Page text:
Systematic fluctuation expansion for neural networks

A new paper  “Systematic fluctuation expansion for neural network activity equations“, by Michael Buice, Jack Cowan and myself has just been uploaded to the q-bio arXiv.  The paper arose from a confluence of my desire to adapt moment hierarchy approaches from kinetic theory to studying fluctuations in neural networks and Michael and Jack’s field theory formulation of stochastic neural dynamics (see here).  In this paper, we show that the two approaches are identical and give a systematic scheme to derive the equations.  We give an example for self-consistent equations for the first two moments.

Classically, neural networks have been described either by rate equations, such as the Wilson-Cowan equation of the form \dot{a_i} = -r a_i + f(\sum_{j} w_{ij} a_j + S_i) (and the continuum version) or networks of (more biophysical)  spiking neurons.  Although rate equations average over neural spikes,  they have been extremely successful in describing many neural phenomena.  Wilson and Cowan, Grossberg, Amari, Hopfield, Ermentrout, and many others, have used these types of equations to describe phenomena as diverse as associative memory, working memory, persistent activity, hallucinations, orientation tuning, and neural activity waves.  In fact, the term neural network, has essentially been co-opted to imply a network of rate equations (i.e., multi-layer perceptron) with a back propagation learning rule for the weights to perform supervised learning.

However, rate equations do not account for any correlation effects between neurons or regions. They thus cannot be used directly to model phenomena such as synchrony, spike-time dependent synaptic potentiation and depression, fluctuations due to finite-network size effects, or any spike-time based neural code, all of which may or may not be important for cognition and behaviour. To study these phenomena, it is usually necessary to analyze or simulate networks of spiking neurons, which are computationally more expensive and analytically more difficult than the rate equations.

It would thus be convenient to have a set of equations that “augmented” the population rate equation.  For example, it could be a coupled set of equations for the activity at location x and time t, a(x,t), and the correlations between two locations C(x_1,t_1;y_1,t_2).  Higher order correlations could also be included if desired.  One can visualize heurstically of how such a system would behave by considering the effect of the arrival times of inputs on the firing rate or gain of a neuron.  It is known that the correlations between the inputs can affect the ouput of the neuron, and differences in the output of the neurons in a network can affect the correlations between the firing of different neurons.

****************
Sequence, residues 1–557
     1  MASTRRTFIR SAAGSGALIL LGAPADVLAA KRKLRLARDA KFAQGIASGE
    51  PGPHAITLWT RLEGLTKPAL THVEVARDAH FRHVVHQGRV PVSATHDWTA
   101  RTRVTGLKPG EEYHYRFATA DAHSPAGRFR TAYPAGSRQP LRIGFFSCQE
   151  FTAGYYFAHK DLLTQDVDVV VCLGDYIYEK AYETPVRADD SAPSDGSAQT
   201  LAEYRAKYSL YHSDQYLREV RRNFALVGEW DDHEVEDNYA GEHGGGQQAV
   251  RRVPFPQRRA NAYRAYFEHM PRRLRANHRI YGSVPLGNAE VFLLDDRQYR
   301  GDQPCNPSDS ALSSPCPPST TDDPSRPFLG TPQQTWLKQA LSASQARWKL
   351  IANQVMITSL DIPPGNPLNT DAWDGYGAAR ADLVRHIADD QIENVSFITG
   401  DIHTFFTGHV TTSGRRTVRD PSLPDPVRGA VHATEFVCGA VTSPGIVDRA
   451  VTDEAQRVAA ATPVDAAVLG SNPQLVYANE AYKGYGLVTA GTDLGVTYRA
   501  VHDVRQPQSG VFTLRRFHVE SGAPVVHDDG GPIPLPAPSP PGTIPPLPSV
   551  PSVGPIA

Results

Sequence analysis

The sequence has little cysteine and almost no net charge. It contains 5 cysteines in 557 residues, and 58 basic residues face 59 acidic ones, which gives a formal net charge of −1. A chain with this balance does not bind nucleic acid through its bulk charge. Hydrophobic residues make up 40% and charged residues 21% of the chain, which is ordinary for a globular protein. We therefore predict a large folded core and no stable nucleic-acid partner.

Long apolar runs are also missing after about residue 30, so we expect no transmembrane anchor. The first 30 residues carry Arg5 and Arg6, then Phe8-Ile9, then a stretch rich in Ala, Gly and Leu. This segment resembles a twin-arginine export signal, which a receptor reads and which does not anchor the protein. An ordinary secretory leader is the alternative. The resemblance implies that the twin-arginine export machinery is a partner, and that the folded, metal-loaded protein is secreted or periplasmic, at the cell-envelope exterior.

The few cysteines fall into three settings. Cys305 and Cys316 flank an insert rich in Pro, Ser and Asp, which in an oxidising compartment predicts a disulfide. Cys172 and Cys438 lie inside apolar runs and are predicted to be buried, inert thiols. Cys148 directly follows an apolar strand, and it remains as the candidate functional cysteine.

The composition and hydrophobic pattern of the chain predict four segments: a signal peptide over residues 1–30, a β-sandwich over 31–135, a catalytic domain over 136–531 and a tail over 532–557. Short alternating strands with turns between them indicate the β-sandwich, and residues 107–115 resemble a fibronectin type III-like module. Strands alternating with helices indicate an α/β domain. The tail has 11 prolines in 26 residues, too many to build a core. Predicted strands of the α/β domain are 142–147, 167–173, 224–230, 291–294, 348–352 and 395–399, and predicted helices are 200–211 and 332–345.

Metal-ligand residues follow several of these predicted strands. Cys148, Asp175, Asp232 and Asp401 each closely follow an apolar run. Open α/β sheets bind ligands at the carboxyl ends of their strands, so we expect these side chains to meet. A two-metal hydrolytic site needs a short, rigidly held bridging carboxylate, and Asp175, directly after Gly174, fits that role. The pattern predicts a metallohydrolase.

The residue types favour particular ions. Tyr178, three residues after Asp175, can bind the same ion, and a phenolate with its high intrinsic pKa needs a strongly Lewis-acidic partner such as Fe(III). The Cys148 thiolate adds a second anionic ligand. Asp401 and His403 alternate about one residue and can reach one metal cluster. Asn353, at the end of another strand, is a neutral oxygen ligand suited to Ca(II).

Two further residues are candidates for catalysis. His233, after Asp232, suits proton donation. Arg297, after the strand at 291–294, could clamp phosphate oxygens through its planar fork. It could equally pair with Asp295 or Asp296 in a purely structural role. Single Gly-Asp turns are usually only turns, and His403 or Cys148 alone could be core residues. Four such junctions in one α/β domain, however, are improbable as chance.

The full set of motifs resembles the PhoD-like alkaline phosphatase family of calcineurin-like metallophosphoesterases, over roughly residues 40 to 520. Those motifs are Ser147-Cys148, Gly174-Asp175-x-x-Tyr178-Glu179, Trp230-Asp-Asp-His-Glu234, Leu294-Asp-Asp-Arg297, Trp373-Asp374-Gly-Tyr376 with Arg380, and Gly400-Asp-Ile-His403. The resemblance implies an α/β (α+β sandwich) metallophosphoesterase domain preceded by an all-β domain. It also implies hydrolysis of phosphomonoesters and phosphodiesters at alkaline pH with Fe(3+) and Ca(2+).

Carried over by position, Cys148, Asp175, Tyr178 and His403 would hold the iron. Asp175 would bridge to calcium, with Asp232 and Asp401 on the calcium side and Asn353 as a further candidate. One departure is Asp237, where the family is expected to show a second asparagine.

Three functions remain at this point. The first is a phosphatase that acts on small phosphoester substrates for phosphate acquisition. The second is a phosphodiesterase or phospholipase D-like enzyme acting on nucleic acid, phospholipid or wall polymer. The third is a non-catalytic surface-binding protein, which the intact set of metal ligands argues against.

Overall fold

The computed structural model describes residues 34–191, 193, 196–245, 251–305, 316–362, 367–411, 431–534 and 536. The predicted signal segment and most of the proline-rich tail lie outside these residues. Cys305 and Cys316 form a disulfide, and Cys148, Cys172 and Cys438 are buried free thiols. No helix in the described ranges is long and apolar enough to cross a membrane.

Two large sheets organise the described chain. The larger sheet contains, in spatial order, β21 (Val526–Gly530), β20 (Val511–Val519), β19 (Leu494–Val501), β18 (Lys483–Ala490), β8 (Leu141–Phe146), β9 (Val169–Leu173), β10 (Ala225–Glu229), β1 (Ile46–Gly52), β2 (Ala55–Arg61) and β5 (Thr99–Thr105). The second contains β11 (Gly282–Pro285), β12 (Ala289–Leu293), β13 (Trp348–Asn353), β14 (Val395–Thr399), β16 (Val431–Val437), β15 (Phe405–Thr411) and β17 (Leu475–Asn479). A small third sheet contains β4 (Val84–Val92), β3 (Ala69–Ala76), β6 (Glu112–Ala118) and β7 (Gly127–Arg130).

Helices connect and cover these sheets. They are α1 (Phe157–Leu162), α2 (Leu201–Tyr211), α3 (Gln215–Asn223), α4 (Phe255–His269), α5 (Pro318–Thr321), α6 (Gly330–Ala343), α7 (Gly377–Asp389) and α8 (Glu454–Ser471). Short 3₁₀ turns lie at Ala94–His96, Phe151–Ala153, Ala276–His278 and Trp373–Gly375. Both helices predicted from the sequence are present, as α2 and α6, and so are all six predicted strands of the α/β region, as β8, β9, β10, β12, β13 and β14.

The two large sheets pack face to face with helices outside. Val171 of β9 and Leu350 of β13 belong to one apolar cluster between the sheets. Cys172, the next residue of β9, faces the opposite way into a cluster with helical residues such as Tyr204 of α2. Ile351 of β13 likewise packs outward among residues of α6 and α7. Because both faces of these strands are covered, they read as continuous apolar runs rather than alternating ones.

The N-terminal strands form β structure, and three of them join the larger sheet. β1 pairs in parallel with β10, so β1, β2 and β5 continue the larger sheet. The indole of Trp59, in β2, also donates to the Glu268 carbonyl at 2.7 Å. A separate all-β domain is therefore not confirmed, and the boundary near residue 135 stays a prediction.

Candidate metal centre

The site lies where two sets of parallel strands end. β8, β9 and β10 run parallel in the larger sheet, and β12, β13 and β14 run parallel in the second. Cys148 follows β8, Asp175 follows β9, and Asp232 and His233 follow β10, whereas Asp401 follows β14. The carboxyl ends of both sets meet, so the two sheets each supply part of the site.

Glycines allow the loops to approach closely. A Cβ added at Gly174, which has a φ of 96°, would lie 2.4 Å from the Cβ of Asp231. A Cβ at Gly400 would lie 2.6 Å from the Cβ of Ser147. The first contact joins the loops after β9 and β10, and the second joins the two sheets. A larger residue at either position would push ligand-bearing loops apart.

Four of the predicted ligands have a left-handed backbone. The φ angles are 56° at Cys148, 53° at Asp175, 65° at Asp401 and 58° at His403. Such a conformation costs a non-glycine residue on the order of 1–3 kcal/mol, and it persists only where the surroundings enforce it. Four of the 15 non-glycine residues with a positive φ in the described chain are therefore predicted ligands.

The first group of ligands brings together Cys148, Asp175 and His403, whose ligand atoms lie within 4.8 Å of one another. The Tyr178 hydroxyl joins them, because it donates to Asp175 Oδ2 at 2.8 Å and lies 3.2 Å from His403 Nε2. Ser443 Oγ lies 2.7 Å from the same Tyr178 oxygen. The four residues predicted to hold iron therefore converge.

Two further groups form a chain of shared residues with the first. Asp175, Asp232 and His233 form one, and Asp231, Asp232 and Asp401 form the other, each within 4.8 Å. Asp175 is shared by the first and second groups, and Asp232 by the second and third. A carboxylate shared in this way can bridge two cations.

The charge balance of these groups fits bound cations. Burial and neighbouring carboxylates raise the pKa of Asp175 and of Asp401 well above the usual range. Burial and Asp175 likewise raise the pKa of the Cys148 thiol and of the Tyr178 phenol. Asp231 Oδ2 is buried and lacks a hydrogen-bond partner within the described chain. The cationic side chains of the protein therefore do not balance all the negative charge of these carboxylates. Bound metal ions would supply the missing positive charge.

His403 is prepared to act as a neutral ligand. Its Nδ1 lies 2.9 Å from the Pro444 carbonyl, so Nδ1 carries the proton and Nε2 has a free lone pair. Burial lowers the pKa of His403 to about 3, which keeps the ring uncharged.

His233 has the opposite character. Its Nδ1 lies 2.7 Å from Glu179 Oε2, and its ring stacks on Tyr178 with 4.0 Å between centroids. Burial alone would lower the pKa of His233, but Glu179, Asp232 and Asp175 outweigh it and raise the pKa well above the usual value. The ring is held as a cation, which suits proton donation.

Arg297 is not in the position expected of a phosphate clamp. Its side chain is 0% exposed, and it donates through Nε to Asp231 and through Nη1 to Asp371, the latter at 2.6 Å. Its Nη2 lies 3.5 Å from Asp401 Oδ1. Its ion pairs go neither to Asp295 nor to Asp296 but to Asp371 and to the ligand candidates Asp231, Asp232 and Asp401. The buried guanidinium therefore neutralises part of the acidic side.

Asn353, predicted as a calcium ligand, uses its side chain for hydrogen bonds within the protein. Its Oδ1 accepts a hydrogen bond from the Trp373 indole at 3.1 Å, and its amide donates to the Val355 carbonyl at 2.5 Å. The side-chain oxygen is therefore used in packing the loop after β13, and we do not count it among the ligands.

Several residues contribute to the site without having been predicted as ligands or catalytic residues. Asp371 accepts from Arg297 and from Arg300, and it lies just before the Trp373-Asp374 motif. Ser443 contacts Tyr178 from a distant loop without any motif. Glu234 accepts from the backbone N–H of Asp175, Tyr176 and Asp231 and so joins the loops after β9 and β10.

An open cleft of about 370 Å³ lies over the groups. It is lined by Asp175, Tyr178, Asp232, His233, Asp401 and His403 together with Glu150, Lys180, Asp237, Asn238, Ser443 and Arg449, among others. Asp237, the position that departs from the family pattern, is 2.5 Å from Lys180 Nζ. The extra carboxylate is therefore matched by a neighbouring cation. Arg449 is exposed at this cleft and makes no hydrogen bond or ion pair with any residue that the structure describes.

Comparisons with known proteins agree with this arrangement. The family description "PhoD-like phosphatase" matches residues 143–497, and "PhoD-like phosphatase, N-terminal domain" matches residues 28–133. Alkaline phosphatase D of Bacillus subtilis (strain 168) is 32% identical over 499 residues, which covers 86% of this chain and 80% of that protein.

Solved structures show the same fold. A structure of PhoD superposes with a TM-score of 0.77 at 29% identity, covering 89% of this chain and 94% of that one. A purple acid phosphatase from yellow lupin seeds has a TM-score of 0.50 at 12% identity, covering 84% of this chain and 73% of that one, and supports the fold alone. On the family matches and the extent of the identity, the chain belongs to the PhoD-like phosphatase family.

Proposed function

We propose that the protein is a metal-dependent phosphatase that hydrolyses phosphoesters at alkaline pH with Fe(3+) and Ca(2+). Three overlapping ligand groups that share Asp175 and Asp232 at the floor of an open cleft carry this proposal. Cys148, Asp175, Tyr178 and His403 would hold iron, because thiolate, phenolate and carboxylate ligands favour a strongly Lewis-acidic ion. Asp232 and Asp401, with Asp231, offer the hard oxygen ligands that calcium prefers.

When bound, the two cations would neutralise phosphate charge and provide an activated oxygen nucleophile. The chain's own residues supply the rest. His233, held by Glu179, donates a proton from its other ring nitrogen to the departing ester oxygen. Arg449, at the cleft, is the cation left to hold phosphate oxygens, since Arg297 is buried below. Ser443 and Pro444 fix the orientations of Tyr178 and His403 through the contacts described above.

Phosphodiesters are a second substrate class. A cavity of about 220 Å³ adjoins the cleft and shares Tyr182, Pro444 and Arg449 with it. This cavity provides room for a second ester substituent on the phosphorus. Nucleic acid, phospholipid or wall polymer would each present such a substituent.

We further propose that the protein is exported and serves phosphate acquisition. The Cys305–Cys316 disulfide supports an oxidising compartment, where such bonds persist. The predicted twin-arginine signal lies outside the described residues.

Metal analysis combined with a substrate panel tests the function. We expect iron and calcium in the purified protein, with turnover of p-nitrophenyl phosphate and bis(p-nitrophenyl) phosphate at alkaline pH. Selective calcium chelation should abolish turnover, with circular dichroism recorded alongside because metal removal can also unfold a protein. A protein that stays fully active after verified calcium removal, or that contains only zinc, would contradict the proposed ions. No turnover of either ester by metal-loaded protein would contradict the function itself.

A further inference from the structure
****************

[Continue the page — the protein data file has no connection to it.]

Thus the goal is to begin with a network of spiking neurons (i.e. a microscopic model) and systematically average over the dynamics to generate a set of averaged equations for the moments (i.e.a macroscopic model).  In our paper, we considered a Markov model that is consistent with the Wilson-Cowan rate equations as the microscopic theory and explicitly construct a moment hierarchy.  We showed that the equation for the first moment (i.e. activity) depends on the correlations, and the correlations depend on the third order moments and so forth.  We then argued that a controlled truncation can be applied if we assume that the firing statistics are near Poisson distributed.

Previously, Michael and Jack showed that the generating functional for the  Markov model can be expressed as a path integral over all possible time-dependent states of the model. The connection between stochastic dynamics and field theory has been exploited in statistical mechanics for decades. A simplistic definition of field theory is the application of asymptotic perturbation methods (such as the method of steepest descents) for solving integrals in infinite dimensions.  We then showed that by using a series of Legendre transformations and using the method of steepest descents, which is called the loop expansion in field theory, we can derive the exact same moment hierarchy that was obtained using the kinetic theory approach.  A nice feature of the field theory is that the truncation of the moment hierarchy is given by the order of the loop expansion.  We derived the equations for the first two moments and showed some examples for all-to-all connectivity.

7 thoughts on “Systematic fluctuation expansion for neural networks

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